The shift from brand safety to brand suitability
Brand safety is in the eye of the beholder. What is considered unsafe for one brand may be completely appropriate for another. As the advertising landscape continues to transform, there is no “one size fits all” approach. At Advertising Week New York, IAS Chief Marketing Officer Tony Marlow sat down with Disney, Neuro-Insight, Pandora, and Publicis Media Exchange to discuss the shift from brand safety to a broader concept: brand suitability. While a lot of effort has gone into understanding creative executions, significantly less effort has gone into understanding the broader environment where ads appear. Our panel sought to shine some light on the less-considered context of an ad.
- Maria Breza, Vice President, Data Operations & Ad Quality Measurement, Pandora
- Yale Cohen, Executive Vice President, Global Activation Standards, Publicis
- Lisa Valentino, Executive Vice President, Client & Brand Solutions, Disney
- Pranav Yadav, Chief Executive Officer, Neuro-Insight, US Inc.
Brand safety is the floor, brand suitability is the goal
As we begin the shift from brand safety to brand suitability, alignment on what it means to be “brand safe” is vital. Brand safety refers to content that is unsafe for every brand. According to Maria Breza at Pandora, technology should already be good enough to figure out which content is unsafe and flag it. Brand suitability, on the other hand, is more about what a brand stands for and finding the right content to fit those values.
For a mass media company like Disney, it’s table stakes. “As storytellers, we spend most of our time talking to our partners about how you become part of their stories and the experiences that we reflect on and tell every day,” says Valentino. “With a company built on consumer trust, you need the right technology partners.”
Brand safety comes down to perception. Neuro-Insight CEO, Pranav Yadav, offered a scientific explanation for this: because nothing exists in isolation, our perception of everything is influenced by the context in which we’re taking it in. According to Yadav, “Context and content is the marriage that everybody has to work with. One doesn’t exist without the other.” As a brand, the environment in which you are present is the biggest determiner of how you will be perceived by consumers. Therefore, weeding out universally unsafe content should be the first step for any brand seeking to avoid negative perceptions.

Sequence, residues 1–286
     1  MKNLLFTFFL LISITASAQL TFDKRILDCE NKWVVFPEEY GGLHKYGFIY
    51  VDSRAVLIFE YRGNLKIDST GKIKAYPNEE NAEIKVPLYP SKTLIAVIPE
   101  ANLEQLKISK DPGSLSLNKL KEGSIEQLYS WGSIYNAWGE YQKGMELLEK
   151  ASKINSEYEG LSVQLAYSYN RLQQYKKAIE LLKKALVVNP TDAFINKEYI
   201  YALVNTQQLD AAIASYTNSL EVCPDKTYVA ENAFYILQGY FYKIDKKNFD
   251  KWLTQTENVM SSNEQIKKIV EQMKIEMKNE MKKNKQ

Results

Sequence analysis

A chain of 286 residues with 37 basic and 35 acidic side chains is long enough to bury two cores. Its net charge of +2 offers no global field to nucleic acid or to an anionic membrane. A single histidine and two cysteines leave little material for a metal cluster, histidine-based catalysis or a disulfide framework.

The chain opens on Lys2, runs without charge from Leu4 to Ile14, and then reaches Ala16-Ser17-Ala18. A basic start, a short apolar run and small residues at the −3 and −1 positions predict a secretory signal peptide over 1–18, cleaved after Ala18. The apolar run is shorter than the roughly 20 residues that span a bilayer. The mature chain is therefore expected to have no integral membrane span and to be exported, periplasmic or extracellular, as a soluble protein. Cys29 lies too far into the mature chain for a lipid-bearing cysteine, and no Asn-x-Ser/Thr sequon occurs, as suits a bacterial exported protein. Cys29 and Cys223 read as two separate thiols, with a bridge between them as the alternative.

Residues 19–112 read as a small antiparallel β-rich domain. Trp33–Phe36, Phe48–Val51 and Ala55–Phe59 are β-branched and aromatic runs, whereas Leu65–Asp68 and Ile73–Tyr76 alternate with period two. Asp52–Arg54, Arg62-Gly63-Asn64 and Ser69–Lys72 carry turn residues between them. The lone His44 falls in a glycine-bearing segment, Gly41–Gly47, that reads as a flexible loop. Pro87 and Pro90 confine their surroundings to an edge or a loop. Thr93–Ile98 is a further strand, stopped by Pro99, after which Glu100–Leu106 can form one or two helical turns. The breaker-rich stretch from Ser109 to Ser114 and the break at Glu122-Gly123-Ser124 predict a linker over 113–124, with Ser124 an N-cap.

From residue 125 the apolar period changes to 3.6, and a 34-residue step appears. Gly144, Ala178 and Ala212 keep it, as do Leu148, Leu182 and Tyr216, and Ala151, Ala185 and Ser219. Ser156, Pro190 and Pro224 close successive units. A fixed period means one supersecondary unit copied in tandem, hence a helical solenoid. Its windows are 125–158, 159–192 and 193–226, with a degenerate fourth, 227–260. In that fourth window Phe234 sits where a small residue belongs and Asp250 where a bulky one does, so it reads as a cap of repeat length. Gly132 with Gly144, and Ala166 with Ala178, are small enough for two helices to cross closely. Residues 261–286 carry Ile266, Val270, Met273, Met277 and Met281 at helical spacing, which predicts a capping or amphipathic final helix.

Brand suitability, however, is based on association rather than mere perception. Our brains function through association, and similar to the idea that we become the sum of the five people closest to us, brand perceptions are influenced by the context that they are most commonly associated with.
To consider the future of brand suitability, the panel turned to science. “Every piece of media has an inherent neurostate,” Yadav explained. Research done by Neuro-Insight reveals the importance of aligning a brand’s state of mind with the media’s state of mind. Contextual advertising once meant matching an ad to content type, but now the focus should be on finding a match for the ethos of the creative. This, of course, comes with its own difficulties.
“For consumers, it’s a conversation about freedom of speech,” said Yale Cohen from Publicis. He noted that it becomes a question of what should be online, what brand’s opinions are, and how that should be placed within their ecosystem. Brands should strive to be around engaging content, but they need to designate risk tolerances to avoid exposing their consumer base to content that is hateful, controversial, or damaging.
And yet, according to Valentino, there are platforms failing at brand safety, and still profiting from the very advertisers who view brand safety as the bare minimum requirement. She says there is still work to be done: “There should be clear guidelines across platforms and publishers on what the floor actually is and what isn’t acceptable.”
Looking ahead, a mass media company like Disney, which is driven by storytelling and consumer trust, is now looking to have a more active role in content strategy. The key will be to find a balance between authenticity and driving content as the market shifts and so far, this approach has proved successful. Disney saw a 200% increase in search volume after integrating content in likable, suitable environments with a positive association.
From a music perspective, Pandora experiences different challenges than, say, a news environment. According to Breza, a lot needs to change from a technology perspective for a music company like Pandora to grow into the brand suitability space. Defining what brand safety actually looks like for brands within the music environment is likely the first hurdle. Pandora is hoping to see improvements in technology so we can understand more about the context of artistic content.
Collaboration across the industry
Now, brands are well aware of their brand identity and how they want to be perceived, but there is much more collaboration and sharing of thought leadership that needs to be done, Cohen explained. Most brands generally want to avoid fake news, and therefore lean on reputable organizations to keep their brand’s reputation safe. Unfortunately, it’s been noted that using this strategy on its own leads to neglect in risk tolerance.
All panelists agreed on one common thread: brand safety standards should be agreed upon by the industry as a whole. Once the industry is aligned, the foundation will be strong enough to advance together towards brand suitability by setting the proper risk tolerances to align their messaging with their desired audience and outcome.
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